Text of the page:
PositiveThe Times (UK)What Gellman provides us with, in fact, as he trawls through the investigations he undertook into NSA malfeasance in the wake of Snowden’s data drop, is a necessary and deep meditation about how far our online lives can or indeed should remain completely private. Gellman, unlike Snowden, is able to interrogate American spymasters as well as tech companies about where the limits should lie, and he also has a sufficient sense of his responsibilities not to reveal much of the sensitive operational detail that the leaker gave him ... The value of this book is that Gellman eschews the binary \'traitor or hero\' assessment of Snowden. Rather he highlights the dangers of the surveillance state’s vast reach.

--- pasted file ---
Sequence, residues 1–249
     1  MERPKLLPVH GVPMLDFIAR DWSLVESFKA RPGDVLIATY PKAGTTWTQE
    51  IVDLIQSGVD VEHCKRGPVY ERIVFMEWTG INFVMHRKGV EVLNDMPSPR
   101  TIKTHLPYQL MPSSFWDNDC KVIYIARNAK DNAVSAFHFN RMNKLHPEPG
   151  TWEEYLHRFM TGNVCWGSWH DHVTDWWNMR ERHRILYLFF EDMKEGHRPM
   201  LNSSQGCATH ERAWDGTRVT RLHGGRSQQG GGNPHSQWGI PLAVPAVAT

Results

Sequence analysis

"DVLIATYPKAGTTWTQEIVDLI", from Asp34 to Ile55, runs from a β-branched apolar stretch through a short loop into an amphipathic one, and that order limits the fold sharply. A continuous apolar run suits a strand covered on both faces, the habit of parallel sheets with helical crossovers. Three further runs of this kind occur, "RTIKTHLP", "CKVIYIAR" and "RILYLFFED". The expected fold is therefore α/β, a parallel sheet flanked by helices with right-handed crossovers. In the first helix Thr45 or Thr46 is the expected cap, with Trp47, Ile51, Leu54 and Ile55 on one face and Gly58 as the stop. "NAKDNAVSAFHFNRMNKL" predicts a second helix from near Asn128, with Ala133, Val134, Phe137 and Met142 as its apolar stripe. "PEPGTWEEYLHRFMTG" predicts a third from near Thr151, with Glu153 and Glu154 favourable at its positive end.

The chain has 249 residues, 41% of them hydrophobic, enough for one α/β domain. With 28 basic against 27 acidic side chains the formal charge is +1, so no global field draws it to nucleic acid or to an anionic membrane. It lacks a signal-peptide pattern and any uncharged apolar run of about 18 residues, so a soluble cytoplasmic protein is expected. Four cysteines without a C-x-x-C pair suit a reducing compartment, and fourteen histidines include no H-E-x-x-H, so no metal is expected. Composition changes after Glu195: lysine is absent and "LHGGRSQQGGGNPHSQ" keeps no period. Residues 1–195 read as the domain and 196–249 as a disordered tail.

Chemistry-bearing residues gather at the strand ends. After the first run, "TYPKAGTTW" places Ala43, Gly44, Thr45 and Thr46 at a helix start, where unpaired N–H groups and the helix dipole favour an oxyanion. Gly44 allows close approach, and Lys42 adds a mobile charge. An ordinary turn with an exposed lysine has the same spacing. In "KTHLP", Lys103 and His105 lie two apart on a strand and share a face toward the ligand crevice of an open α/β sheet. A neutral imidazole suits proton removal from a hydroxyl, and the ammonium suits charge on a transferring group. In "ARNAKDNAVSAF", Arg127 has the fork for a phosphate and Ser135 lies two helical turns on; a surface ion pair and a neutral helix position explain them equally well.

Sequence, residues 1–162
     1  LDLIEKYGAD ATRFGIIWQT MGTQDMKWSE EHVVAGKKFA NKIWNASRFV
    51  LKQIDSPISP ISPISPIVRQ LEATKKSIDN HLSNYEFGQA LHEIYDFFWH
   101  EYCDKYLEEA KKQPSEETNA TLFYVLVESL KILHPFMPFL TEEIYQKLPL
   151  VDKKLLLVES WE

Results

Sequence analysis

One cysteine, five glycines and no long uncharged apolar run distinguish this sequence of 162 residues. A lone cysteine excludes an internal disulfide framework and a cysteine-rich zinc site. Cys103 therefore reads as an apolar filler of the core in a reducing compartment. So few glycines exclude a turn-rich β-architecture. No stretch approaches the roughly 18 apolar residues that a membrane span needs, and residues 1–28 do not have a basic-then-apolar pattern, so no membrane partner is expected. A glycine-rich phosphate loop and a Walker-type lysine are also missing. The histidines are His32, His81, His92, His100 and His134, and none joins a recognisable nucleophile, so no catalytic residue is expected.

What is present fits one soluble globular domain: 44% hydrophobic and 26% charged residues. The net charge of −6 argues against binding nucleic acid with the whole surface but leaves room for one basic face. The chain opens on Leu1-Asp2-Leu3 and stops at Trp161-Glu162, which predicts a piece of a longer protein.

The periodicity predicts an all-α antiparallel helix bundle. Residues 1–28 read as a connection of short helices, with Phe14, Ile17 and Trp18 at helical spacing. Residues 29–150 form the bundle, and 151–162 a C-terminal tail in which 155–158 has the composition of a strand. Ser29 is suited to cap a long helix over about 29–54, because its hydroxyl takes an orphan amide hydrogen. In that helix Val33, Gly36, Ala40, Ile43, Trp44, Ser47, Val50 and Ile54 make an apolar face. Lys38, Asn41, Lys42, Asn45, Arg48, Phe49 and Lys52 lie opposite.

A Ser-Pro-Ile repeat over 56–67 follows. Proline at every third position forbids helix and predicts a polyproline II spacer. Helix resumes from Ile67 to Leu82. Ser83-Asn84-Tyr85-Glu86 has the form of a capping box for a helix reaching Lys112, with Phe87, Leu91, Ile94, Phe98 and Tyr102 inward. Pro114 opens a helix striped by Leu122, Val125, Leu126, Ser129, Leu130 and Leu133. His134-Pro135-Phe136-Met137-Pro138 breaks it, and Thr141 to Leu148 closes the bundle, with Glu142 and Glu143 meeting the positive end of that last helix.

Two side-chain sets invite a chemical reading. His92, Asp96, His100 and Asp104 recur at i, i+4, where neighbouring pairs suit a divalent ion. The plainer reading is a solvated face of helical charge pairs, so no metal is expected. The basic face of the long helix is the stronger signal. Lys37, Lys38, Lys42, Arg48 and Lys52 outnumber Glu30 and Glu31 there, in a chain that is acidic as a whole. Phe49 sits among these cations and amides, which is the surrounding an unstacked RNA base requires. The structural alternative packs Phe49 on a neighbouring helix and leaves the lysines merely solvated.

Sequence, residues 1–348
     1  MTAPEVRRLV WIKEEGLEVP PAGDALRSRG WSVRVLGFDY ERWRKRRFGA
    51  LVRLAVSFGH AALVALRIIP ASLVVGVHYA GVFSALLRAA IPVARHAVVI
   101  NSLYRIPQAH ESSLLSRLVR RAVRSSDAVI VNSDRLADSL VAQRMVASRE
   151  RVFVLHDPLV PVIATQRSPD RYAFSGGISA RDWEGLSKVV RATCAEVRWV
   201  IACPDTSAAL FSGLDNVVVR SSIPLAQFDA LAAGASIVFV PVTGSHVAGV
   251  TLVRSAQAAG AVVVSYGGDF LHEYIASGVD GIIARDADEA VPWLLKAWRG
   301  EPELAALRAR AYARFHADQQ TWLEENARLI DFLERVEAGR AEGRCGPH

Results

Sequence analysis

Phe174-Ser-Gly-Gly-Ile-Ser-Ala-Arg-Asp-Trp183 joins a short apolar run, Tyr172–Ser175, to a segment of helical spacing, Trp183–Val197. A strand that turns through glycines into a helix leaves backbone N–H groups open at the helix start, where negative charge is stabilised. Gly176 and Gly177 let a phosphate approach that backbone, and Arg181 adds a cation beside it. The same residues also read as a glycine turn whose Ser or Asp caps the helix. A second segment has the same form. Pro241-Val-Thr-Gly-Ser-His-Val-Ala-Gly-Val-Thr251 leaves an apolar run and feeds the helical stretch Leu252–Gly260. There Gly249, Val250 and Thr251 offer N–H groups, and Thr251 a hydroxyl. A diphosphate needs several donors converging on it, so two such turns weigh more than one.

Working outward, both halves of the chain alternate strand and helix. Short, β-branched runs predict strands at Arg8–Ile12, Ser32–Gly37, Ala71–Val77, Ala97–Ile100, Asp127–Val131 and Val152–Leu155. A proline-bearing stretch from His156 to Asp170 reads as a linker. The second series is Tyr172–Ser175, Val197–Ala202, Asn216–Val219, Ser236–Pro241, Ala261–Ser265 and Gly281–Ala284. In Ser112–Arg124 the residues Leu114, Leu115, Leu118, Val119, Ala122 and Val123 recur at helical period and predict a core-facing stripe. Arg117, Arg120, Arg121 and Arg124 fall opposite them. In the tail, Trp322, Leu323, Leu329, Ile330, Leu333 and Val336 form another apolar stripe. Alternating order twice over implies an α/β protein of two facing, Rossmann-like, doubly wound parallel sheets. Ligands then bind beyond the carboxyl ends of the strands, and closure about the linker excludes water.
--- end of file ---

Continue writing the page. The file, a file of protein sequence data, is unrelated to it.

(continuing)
MixedThe Times (UK)You know that guy from computer support who works in your office? Would you buy his autobiography? ... There’s no doubt that Snowden, whose release of top secret files to journalists in 2013 sparked a global furore, is a very significant figure in the history of intelligence and the development of modern attitudes to privacy. But is he capable of writing an interesting account of his life? ... lacks many revelations or much sense of the wider context of the author’s actions, it will be most satisfying to lovers of technology, less so to the general reader.